BY Abiose Adelaja Adams
Under the federal government’s project to clean up oil spills in Ogoniland, the first 21 locations in four local government areas should have been concluded by December 2020. But two months to the end of the year, only seven sites — one-third — have reached the final stage. ABIOSE ADELAJA ADAMS, a Bertha Fellow, visited some of the remaining 14 sites and found that work has stopped indefinitely.
Happy Sunday is an unhappy indigene of Kegbara Dere (K-Dere). He claims that he is being owed seven months’ salary — N840,000 — for the work he did on ‘Lot 13’.
Lot 13 is located in K-Dere, a community in Gokana local government area (LGA) of Ogoniland, Rivers state, southern Nigeria. Notably, K-Dere is home to one of Africa’s largest and foremost oil fields — the Bomu manifold. Historically, the 1993 environmental rights protest spearheaded by the late Ken Saro-Wiwa took off from this community.
Sunday, who said he was engaged by Centennial Investment and Development Limited, a federal government contractor in charge of remediating Lot 13, explained that it was agreed that he would be paid N120,000 monthly.
“I work as the community-based health safety and environmental officer for this community. We were engaged in February — more than 30 of us. We have worked, but they have decided to change us without paying us, and HYPREP collaborated with the contractor. I have not been paid since March,” Sunday said.
According to a document made available to TheCable, Sunday and about 20 of his other colleagues including a nurse, security guards, a janitor and community youth leaders, are owed varying amounts in salary arrears.
Centennial began work on Lot 13 in February, and the work was supposed to be completed in six months. But as of the time of this report, work has stopped temporarily because the workers were not only owed, they have been replaced by a new set of community members, resulting in conflict.
“The rules of engagement, according to HYPREP, is that for a particular site, the set of trained workers that is engaged for that site will work there till the work at that site is over. But the community chiefs said they should remove us and put another set; they put their own people so that it can be rotational. But that is not our agreement,” Sunday added.
PROTEST MARCHES ON REMEDIATION SITE
In September, there was a protest march on Lot 13 as the disengaged workers wouldn’t allow the new workers access to the site. A similar scenario played out on Lot 14, a nearby site which is contracted to Navante Group.
Saturday Togborn, the community liaison officer for Navante Group, confirmed that workers were abruptly disengaged on both lots following an order from the traditional council.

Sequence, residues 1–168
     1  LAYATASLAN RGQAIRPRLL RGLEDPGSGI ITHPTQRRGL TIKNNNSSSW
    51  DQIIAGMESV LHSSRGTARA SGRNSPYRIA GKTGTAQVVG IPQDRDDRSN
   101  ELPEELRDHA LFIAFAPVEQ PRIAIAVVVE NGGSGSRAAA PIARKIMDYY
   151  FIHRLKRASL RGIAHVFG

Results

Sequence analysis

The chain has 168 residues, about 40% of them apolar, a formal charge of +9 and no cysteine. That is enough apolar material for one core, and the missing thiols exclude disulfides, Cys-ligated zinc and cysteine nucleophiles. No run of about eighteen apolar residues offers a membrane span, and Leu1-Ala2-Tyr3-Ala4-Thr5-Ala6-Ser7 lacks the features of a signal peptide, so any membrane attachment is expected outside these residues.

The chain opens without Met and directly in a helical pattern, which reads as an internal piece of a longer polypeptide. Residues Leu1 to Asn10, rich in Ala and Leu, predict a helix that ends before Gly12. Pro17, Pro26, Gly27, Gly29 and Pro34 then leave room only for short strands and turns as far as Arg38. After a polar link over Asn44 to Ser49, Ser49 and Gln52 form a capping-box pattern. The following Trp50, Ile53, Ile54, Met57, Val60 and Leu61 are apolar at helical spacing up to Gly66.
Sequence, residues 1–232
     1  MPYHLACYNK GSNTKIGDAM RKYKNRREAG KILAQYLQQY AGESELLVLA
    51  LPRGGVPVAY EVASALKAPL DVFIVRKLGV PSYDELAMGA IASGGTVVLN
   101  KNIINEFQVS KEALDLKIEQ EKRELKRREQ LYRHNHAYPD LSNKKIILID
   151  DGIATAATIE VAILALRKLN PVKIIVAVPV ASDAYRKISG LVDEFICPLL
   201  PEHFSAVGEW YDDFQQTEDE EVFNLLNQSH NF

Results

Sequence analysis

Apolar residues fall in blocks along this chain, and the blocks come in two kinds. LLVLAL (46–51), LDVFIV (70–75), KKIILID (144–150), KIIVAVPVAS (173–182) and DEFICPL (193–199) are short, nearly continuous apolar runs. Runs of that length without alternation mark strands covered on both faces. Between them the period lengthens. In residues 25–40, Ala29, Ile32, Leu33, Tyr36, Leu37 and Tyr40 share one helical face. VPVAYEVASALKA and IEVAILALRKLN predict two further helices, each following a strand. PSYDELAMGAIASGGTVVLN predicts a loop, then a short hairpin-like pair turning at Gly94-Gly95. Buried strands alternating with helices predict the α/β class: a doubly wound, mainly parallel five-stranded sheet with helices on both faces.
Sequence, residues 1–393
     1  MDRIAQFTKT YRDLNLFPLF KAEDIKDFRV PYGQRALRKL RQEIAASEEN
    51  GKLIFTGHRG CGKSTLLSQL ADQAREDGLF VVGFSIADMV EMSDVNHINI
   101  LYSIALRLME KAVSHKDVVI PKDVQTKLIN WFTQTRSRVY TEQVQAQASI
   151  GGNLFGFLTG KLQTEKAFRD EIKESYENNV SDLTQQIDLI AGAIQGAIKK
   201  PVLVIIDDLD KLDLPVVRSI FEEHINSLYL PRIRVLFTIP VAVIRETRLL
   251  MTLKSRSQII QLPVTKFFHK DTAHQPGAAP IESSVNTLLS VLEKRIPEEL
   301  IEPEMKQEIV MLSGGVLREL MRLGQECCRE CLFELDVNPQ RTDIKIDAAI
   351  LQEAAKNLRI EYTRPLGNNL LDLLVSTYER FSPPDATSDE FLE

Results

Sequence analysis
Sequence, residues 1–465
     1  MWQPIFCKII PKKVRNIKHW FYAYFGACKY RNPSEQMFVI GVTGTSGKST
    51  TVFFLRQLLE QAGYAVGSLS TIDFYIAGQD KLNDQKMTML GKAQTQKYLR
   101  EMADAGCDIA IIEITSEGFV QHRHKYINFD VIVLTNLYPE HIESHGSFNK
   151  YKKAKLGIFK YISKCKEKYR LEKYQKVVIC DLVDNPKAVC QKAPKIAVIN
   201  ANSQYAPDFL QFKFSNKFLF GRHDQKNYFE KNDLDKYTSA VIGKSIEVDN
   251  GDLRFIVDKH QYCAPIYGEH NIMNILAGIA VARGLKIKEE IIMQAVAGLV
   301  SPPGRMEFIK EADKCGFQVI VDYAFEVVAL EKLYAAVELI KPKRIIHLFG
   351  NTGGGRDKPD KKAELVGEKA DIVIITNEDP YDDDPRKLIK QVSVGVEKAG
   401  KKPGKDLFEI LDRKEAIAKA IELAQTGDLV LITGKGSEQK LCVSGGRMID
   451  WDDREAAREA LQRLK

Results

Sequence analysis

“It was the decision of the council of chiefs to change workers and not that of HYPREP, but HYPREP approved it. They have taken the matter to the Rivers state commissioner of police,” Togborn said.
Both representatives of Centennial and Navante Group, when contacted, denied the allegation, despite video evidence. They also said they don’t speak to the press and directed this reporter to the Hydrocarbon Pollution Remediation Project (HYPREP).
One of the objectives of HYPREP, according to the law, is to enhance local capacity — community engagement and local content. Togborn, however, alleged that his community (K-Dere) is suffering because HYPREP has refused to pay a certain fee for local content (mark-up) — for work done on perimeter fencing and daily rent of excavator and payloader. A text message he sent to HYPREP and forwarded to this reporter explains his grievance.
“We the community contact persons in Lot 14 Gokana handled by Navante, we are running out of patience. Three weeks down the line, we are not yet paid the mark-up for the excavators and payloader on site. When asked, they said it is HYPREP that is holding it. Please, we have tried, and we shall be forced to be confrontational if nothing is done by Monday,” the message read.
As of the time of this report, work on the sites run by Navante and Centennial has been temporarily suspended.
SITE CONTRACTED TO ODUN ENVIRONMENTAL, SHUT DOWN
On Lot 9 in Mogho, Gokana, awarded to Odun Environmental Services Limited, work stopped since August 2020. On a visit to the lot, the site engineer, who preferred anonymity, cited two major challenges — an unresolved problem relating to evacuation of a heap of dredged sand sitting on the lot they are supposed to remediate, and lack of funds.
“When we began work here in February 2020, we met this sand here,” he said, pointing to a mountain of white, sharp sand. “And this is the land we are supposed to remediate. The community is supposed to come and remove the sand so that we can begin the excavation of the soil beneath it, but they have not.”
Baribuma Bite, the community liaison officer for Lot 9, however, blamed the contractor for not mustering enough will to get the work moving.
“Yes it is true that there is dredged sand on the place that they are supposed to work on. The issue is that no lorry can access the place where the sand is without passing through Shell’s right of way. And Shell had insisted that no one should go over their right of way. But if the contractor really wants to work, he will know how to write to HYPREP so that HYPREP can intervene,” Bite said.
In October, when a follow-up call was made, the site manager said work has completely stopped and the lot has been shut down until further notice.
“We stopped work in August,” the site engineer said. “What moves work is money; When there is no money to run the site, for instance, no money to buy diesel and pay workers’ salaries, the work cannot move.”
PAUCITY OF FUNDS BESET WORK ON LOT 12
When TheCable visited Lot 12 in August, the monotonous roar of the giant excavator and payloader was a clear sign that work was ongoing. But by October, work had stopped.